Hi, my name is Alison and I have Polycystic Ovary Syndrome (PCOS). There, I said it. I have PCOS.
Until recently, only my husband, mother and maybe 2 close friends had any idea that I struggled with PCOS. It's not that I am ashamed to have PCOS, but stories of cyst-covered ovaries and infertility elicit sympathy and I have a serious complex about sympathy directed toward me. Perhaps I have a psychological problem or some childhood trauma buried deep inside, but I doubt it; it feels more like good, old-fashioned pride. I hate for someone to feel sorry for me. Oh, sure I like to feel sorry for others. After all, I grew up in a little corner of the world where Texas and the South collide head-on and I love to feel sorry for other people. "Oh, bless her heart," and "I sure do hate to hear that" roll off my tongue with such ease. I just don't want to have any heart blessing directed at me. My life is, for the most part, an open book, but only a handful of people know about my struggle with PCOS.
I started my period at age 13 and vividly remember the mixed emotions that came along with that. On one hand, I was excited to grow up. On another hand, I was moody and did not yet understand why. On yet another hand (I get as many hands as I want because I am talking about female hormonal issues), I was pretty upset because the night before my womanhood began I had talked my mom into this really cute Guess skirt and had plans to wear it church the next morning and I was extremely paranoid about this whole period thing. Everything seemed to go by the book, but 28 days later I was without a period. My periods came when they pleased, but I don't think I ever had more 4 in a year. I was in great shape, very athletic, but not so lean and muscular that amenorrhea should be a problem.
At 16 I took my first trip to the OB/GYN. Before long I was having ultrasounds and labs done to see just what was causing the irregular periods. I remember hearing something about polycystic ovaries, but I was not particularly worried. After all, I was not sexually active and only having to deal with periods and all that comes with them only a few times a year seemed like a winning idea. When I went to college, I began gaining weight. Along with the weight came a new PCOS symptom. I suddenly had acne, a problem I had managed to avoid in my high school years. I went on birth control pills throughout my 20s to trick my body and keep these symptoms in check and did not think much about it at all. My OB/GYN made it sound so simple. He told me to take the pills to keep things going, then some day when I was ready for a baby he could give me another handful of pills and we would be good.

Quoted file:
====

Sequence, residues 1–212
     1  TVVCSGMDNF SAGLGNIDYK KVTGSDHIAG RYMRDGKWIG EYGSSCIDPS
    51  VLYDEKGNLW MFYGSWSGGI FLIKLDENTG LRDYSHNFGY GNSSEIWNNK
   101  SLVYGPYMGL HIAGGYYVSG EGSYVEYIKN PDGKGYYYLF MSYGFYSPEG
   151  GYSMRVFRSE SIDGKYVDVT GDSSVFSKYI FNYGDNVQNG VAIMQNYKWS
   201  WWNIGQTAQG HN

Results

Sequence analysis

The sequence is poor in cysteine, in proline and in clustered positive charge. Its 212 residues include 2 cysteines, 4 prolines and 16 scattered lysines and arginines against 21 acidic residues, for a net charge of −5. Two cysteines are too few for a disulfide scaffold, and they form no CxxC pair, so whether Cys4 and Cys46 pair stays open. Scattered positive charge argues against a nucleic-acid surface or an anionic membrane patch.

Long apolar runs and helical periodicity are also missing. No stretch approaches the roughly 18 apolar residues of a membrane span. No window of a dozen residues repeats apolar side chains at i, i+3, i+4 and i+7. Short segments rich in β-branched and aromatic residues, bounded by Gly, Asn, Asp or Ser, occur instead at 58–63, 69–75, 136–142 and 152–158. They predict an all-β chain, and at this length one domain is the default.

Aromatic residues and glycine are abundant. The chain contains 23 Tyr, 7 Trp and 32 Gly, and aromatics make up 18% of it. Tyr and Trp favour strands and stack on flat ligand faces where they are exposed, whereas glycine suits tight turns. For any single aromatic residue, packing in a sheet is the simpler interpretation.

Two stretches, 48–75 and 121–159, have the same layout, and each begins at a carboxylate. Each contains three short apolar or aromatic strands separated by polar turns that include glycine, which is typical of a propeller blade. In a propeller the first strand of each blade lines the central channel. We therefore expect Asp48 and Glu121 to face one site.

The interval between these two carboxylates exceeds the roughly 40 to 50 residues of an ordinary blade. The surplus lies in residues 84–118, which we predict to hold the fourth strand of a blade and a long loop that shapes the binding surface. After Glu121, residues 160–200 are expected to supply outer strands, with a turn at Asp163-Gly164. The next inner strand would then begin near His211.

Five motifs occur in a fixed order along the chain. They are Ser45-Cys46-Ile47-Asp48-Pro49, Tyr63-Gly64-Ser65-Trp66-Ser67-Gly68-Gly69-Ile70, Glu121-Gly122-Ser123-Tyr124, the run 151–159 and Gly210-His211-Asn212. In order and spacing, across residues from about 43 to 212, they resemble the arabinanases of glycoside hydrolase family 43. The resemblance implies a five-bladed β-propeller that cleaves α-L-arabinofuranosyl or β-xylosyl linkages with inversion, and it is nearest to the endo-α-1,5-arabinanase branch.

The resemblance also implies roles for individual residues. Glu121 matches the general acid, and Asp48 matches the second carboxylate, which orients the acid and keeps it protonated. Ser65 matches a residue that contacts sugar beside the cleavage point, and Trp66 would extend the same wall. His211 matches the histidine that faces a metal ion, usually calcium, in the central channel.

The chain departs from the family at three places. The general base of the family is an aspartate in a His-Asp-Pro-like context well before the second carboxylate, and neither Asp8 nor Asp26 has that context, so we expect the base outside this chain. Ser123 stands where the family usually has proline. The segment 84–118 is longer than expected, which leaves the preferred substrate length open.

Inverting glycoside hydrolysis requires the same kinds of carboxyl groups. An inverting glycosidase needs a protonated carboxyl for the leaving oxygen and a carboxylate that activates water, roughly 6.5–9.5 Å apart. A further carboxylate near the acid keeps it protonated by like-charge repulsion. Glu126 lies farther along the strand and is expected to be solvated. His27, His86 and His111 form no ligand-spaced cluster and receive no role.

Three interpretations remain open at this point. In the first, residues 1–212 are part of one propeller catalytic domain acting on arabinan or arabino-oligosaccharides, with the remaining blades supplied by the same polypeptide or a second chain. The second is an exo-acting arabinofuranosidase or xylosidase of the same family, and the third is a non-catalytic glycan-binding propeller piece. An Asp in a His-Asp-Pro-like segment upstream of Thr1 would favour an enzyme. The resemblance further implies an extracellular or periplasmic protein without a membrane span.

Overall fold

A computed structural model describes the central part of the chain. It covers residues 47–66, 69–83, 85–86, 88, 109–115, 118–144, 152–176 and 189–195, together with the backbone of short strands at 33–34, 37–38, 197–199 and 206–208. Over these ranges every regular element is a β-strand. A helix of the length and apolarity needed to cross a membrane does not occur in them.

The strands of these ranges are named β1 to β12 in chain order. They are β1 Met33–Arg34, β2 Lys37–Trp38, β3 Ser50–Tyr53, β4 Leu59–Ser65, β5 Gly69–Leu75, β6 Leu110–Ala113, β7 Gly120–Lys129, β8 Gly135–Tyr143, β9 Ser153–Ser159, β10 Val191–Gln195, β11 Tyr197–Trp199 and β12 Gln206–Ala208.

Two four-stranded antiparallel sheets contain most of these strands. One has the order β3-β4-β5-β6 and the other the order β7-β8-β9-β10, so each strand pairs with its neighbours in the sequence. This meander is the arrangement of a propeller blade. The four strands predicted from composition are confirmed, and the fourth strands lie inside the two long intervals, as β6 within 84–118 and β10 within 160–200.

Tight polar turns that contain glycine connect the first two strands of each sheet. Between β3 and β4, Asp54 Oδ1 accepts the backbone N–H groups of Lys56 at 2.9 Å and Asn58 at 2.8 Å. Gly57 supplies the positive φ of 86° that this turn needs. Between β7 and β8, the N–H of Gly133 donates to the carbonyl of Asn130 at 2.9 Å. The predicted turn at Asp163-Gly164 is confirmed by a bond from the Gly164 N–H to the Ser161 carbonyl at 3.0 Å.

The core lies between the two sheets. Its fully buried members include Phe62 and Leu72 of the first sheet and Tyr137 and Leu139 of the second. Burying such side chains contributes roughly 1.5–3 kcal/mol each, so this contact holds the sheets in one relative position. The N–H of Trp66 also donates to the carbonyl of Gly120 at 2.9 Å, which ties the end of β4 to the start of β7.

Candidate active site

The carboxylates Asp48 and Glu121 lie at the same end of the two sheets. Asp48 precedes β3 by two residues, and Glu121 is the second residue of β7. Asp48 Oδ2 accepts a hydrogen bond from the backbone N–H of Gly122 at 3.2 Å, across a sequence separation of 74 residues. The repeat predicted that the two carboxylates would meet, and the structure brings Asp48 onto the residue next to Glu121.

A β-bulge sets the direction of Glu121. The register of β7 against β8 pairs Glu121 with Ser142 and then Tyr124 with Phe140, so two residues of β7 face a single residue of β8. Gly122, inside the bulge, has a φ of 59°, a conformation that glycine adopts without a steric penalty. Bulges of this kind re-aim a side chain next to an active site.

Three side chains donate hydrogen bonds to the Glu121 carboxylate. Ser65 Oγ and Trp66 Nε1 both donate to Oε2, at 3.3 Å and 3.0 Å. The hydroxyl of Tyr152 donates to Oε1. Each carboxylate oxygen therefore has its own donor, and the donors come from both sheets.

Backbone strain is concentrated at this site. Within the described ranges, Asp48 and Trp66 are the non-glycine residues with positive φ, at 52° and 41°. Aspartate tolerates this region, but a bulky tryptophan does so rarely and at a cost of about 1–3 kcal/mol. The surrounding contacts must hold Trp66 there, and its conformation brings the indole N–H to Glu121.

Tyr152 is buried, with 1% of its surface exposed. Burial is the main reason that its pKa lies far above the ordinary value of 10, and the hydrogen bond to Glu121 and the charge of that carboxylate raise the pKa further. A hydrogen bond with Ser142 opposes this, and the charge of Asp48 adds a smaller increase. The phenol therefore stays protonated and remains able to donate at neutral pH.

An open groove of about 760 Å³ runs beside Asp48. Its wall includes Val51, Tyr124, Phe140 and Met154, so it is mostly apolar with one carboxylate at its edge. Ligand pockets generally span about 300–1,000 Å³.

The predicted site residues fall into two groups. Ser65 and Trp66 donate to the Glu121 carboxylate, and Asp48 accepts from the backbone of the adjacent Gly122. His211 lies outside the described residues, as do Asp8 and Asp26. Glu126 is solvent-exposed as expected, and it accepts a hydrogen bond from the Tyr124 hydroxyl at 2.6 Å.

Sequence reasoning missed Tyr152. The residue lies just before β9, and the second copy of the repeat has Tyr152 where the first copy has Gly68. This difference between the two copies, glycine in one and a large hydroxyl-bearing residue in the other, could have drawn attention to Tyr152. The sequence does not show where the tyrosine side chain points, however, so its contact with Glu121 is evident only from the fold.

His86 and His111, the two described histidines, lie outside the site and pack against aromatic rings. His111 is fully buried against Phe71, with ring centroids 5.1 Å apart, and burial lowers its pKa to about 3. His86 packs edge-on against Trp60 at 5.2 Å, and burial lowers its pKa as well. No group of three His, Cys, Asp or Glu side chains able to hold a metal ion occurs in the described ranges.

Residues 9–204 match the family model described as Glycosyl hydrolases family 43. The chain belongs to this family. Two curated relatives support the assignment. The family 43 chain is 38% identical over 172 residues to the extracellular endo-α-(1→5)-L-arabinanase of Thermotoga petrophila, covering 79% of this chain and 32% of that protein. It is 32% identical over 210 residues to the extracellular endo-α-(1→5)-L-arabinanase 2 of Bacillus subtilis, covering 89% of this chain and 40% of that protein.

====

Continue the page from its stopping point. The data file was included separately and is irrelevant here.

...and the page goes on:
I married my husband, Doug, when I was 28 on 07.07.07 and we did not want a child right away. I went on birth control for nearly a year and a half and stopped taking the pill in October 2008. I had my "period" from the last pack of pills during the first week of November and then waited for another period to creep up. By early February, I had still not started and decided to see my OB/GYN to ask for an injection or pills to induce a period. She told me we would need to wait 6 months following the last course of birth control to induce a period and sent me on my way.
On the morning of March 20, 2009, I rolled over in bed and my breasts were very sore. I decided to take a home pregnancy test and received a positive result. I drank about a gallon of water and took another test an hour later. It was still positive. I remember calling my doctor's office to get in for a blood test and answering that awkward question about my last period. Um, November? I was about six weeks along when we found out and on November 18, after a very uneventful pregnancy, I gave birth to Lily.
I packed on weight VERY easily when pregnant. I was unable to produce much milk (another PCOS symptom I later found) and was not able to exclusively breastfeed, so I hoped I would manage to have a period. I did not so we induced one with pills when Lily was 4 months old. I dieted, exercised and couldn't see to shed any weight. When Lily was a little over a year, I stopped the pill and continued to try to lose weight with no success. I am writing this blog post two years later and I have not had a natural period since giving birth. In fact, in the 5 1/2 years I have been married, I have only ovulated once. On the positive side, our success rate on fertilization is 100%!
After about 6 months of dealing with infertility after Lily, I found a fabulous new doctor who helped me work on getting to the bottom of my problem. He showed me ultrasounds of my ovaries covered in "string of pearl" cysts and studied my labs carefully. He referred me to an endocrinologist and I have learned so much about PCOS since then. I was prescribed Metformin, a drug generally used to treat diabetes and spent about a year and a half on Metformin and was actually able to drop a little weight with the help of that drug. Just recently, I started more in depth research about PCOS, hormonal imbalance and the processes of the body and have decided to take a more natural approach. This is where I will share my journey.
Doug and I would like to add another child to our family and I would like to do so as naturally as possible. I will combining exercise, nutrition and natural supplements in an attempt gently coerce my body to have a regular ovulatory cycle. If you are reading this, I hope it can help you in some way. All I ask of you is to pray with me as I embark on this journey!